The success of the modern law firm lies in its ability to adapt and meet the needs of its workforce. Law firms need to remain flexible to meet these challenges and recognise the skills and talents of their female lawyers. Historically, female lawyers have not been given the same career opportunities as their male counterparts and have been overlooked for partnership. I would hope that in the coming years such gender bias will be a thing of the past, and clearly things have already started to change. For example at my current practice Stowe Family Law LLP, the majority of solicitors are female (9 out of 14 partners and 29 of 42 solicitors).
It goes without saying that women working in the legal profession no longer face the same obstacles they encountered twenty years ago. In fact recent statistics show that there has been some significant progress for women. Interestingly more women than men are joining the profession and make up 48 per cent of solicitors. However despite the steady increase in the number of female entrants to the profession over the past twenty years, only 28 per cent of partners are women. Why is this? In part this may be down to the difficulties faced by women by virtue of their gender and career choices. It is more common for women than men to have to make difficult choices between family life and the demands of a career - or to have to sacrifice one for the advancement of the other. The challenge for women lies in being able to achieve a balance between meeting the demands of a young family and achieving their career goals. Fortunately women have been helped in part by the introduction of paternal leave and flexible working patterns which have made it possible for men to share the responsibility of child care.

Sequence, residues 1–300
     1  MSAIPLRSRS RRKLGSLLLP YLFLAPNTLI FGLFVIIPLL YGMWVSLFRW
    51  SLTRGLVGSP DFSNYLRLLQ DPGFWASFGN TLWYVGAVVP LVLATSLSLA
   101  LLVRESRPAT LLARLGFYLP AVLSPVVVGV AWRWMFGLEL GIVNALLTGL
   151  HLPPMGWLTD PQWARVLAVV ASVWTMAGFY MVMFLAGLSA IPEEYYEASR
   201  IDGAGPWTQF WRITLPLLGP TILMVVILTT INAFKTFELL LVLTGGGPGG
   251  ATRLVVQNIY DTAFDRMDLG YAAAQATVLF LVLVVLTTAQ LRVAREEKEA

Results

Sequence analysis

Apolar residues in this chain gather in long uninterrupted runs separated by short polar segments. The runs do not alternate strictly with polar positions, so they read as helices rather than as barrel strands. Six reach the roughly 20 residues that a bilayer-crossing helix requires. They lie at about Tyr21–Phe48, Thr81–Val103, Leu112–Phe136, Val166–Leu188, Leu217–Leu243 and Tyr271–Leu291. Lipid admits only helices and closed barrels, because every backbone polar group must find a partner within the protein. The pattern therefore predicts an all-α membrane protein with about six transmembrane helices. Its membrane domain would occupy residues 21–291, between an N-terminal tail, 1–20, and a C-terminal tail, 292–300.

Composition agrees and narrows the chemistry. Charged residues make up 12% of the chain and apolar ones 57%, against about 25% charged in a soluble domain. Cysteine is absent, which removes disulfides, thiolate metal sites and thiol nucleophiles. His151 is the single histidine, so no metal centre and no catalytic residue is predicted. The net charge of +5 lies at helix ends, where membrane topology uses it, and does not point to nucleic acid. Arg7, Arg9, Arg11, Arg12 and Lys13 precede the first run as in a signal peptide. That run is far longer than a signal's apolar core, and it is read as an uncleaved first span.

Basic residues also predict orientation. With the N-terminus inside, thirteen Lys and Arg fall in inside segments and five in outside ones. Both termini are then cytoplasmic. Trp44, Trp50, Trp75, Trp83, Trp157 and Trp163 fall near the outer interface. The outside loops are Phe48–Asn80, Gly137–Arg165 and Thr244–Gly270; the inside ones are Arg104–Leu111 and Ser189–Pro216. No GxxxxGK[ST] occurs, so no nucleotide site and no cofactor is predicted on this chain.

Twenty years ago when I started out as a trainee solicitor, the partners in each firm were mostly men and from the 'old school' who did not recognise the demands placed on women, both in the workplace and at home. Their own wives tended to stay at home. Opportunities for men to share the responsibility were simply not available to male colleagues. There was also an inference that by working part time female lawyers were not providing the same level of commitment as those working full time.
Thankfully, although such blatant gender discrimination is a thing of the past, and despite firms like Stowe having a largely feminine workforce, women are still subject to a degree of discrimination but in a more subtle form. We are more likely to be judged by our appearance and behaviour than men. Women who have a reputation for being aggressive run the risk of being labelled as harsh or unpleasant and those who are less assertive than men are perceived as weaker and not having the same self-confidence.
Kate Rayner is the Managing Partner at Stowe Family Law, based in the firm's office in Tunbridge Wells, Kent. She joined the firm in 2010 and was formally the Managing Partner of the firm's Hale office. Kate specialises in all family law matters, including high net worth divorce cases and matters involving children.